Apparently they're too busy looking for reading tips:
The U.S. government is collecting electronic records on the travel habits of millions of Americans who fly, drive or take cruises abroad, retaining data on the persons with whom they travel or plan to stay, the personal items they carry during their journeys, and even the books that travelers have carried, according to documents obtained by a group of civil liberties advocates and statements by government officials.
The personal travel records are meant to be stored for as long as 15 years, as part of the Department of Homeland Security's effort to assess the security threat posed by all travelers entering the country. Officials say the records, which are analyzed by the department's Automated Targeting System, help border officials distinguish potential terrorists from innocent people entering the country.
The book thing is what seems to have been getting the most attention around the blogosphere, but I think the rest of the article is far more important. For one thing, having been through quite a few airports (and a couple of customs barriers) in the past year, I frankly doubt that federal agents have either the time or the resources to paw through people's luggage on any kind of a regular basis. Unless they're actually riffling through checked baggage before they allow it to be loaded, they'd have no way of knowing what books most travelers are carrying, as books are transparent to X-rays. (I know: I've carried quite a few of them through quite a few TSA checkpoints.)
Plus, air travel reached record levels this summer, rebounding after several years of decreased volume in the aftermath of the Day That Changed EverythingTM. Airlines, airports, and the TSA itself, on the other hand, either seem not to have noticed the ever-growing flood of people pouring in to avail themselves of their services, or really don't care anymore--because staffing levels have either declined or, at best, remained steady. It already takes a good 25-30 minutes, in my experience, to make it through the security lines at most airports. Taking the time to riffle through everyone's carry-on luggage to look at what sorts of "subversive" materials they might be carrying would effectively double or triple that wait time--and probably quintuple the number of complaints received about the holdups.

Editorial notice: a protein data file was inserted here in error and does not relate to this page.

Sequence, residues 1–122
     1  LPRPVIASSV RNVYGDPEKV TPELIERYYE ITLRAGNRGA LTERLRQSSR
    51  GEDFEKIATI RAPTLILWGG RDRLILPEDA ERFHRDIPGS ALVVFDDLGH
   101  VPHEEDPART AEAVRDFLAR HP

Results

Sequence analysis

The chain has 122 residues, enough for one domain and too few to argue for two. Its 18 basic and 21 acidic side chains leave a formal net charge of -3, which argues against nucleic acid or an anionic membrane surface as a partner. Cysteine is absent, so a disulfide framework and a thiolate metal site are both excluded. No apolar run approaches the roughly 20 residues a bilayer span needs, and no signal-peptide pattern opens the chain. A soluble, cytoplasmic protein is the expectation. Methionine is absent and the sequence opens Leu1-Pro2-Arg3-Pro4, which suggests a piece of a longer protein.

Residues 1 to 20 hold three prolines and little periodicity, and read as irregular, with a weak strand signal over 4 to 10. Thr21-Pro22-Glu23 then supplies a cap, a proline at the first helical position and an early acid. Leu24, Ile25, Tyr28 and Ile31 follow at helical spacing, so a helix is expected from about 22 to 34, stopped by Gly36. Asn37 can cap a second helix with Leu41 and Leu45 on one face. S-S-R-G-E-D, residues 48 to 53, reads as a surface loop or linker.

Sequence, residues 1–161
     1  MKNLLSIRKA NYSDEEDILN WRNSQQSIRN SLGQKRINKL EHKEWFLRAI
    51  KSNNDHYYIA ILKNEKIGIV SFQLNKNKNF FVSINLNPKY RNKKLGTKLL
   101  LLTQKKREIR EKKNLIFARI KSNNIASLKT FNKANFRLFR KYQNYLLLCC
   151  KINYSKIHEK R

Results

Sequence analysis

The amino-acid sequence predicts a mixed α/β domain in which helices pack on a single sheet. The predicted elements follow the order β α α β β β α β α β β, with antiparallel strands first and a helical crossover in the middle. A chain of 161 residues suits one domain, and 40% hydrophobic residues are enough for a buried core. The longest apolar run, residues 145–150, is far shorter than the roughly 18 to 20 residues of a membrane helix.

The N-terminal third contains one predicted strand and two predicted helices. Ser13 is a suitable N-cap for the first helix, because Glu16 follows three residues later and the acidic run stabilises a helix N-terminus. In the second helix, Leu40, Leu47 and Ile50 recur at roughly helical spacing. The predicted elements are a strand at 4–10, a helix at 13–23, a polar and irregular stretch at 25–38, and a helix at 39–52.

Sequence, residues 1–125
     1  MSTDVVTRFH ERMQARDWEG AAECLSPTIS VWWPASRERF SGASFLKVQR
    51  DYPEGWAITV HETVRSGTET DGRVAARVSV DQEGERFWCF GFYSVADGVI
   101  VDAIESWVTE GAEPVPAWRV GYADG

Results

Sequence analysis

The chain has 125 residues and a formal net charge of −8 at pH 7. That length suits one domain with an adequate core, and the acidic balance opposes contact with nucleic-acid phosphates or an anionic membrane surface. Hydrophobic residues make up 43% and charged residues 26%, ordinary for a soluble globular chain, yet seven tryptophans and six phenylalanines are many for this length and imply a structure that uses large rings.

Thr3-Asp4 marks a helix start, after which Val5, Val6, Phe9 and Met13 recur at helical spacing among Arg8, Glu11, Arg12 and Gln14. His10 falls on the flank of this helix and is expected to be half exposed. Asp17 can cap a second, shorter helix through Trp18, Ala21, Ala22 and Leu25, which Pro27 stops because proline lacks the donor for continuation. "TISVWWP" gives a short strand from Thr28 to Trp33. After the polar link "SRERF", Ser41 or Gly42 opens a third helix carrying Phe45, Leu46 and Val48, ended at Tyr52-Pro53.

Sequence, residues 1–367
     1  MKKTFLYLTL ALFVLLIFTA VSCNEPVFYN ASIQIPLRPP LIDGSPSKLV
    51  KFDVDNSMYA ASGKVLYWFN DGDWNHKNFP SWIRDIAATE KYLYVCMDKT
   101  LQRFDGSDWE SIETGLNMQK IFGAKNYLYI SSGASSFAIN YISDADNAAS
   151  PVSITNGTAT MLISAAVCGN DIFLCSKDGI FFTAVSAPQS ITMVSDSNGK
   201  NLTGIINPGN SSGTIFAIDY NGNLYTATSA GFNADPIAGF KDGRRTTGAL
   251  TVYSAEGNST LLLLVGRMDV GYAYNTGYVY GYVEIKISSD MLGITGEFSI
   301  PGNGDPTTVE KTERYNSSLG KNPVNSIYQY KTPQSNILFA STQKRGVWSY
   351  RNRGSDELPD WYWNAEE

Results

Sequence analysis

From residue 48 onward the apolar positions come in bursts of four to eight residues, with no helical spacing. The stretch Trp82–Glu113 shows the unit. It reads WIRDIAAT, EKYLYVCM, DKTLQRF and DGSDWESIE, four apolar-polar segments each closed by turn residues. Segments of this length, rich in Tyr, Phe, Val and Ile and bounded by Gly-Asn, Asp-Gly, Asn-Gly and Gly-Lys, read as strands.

It's no skin off my nose if TSA want to see what I'm reading. Chances are good that they wouldn't even understand the titles of a lot of what I carry through airports, since it tends to be academic tomes--and often in foreign languages. I draw the line, however, at suggesting that what someone reads is any real indication of his or her inclination toward terrorism or the overthrow of the U.S. government.
For example, I know a member of our faculty who researches the effects of psychotropic drugs. In his hands, a "book on marijuana," such as the one referenced in the WaPo story linked to above, might mean nothing more than the routine conduct of his academic research. In the same way, I regularly buy, check out of libraries, and carry around with me, books on ethnic cleansing, genocide, fascism, Nazism, and authoritarianism: because I'm an historian, and these are some of the things I study in depth. Doesn't mean I'm planning to emulate anything that I read about.
In fact, when you get right down to it, nobody in her right mind would ever expect such a data-collection enterprise to turn up a real terrorist, unless the terrorist in question were truly stupid--and those are the ones we don't have to worry about. The ones we want the TSA and Homeland Security to catch are the smart ones, the ones that actually have a chance of carrying out their plans. But they are too smart to be caught walking through an airport security check, or crossing an international border, with anything that might potentially reveal their intentions. It would be wonderful if all terrorists were required by some obscure bylaw to carry with them at all times a copy of Terrorism for Dummies (conveniently in English, of course, the better to catch the attention of our sniveling servants who can barely manage to be coherent in one language, let alone two or three)--but that will never happen.
Meanwhile, as they attempt to keep track of People Who Might Cause Them Trouble, our government is quite likely to be missing the people they really ought to be watching. And of course, in order to piece together just who might be likely to give them trouble, the government has to collect far more data than it would like for us to know about, to keep it for far longer than they've promised they would, and to look at it and manipulate it in ways they promised they wouldn't. This should surprise no one--and outrage everyone.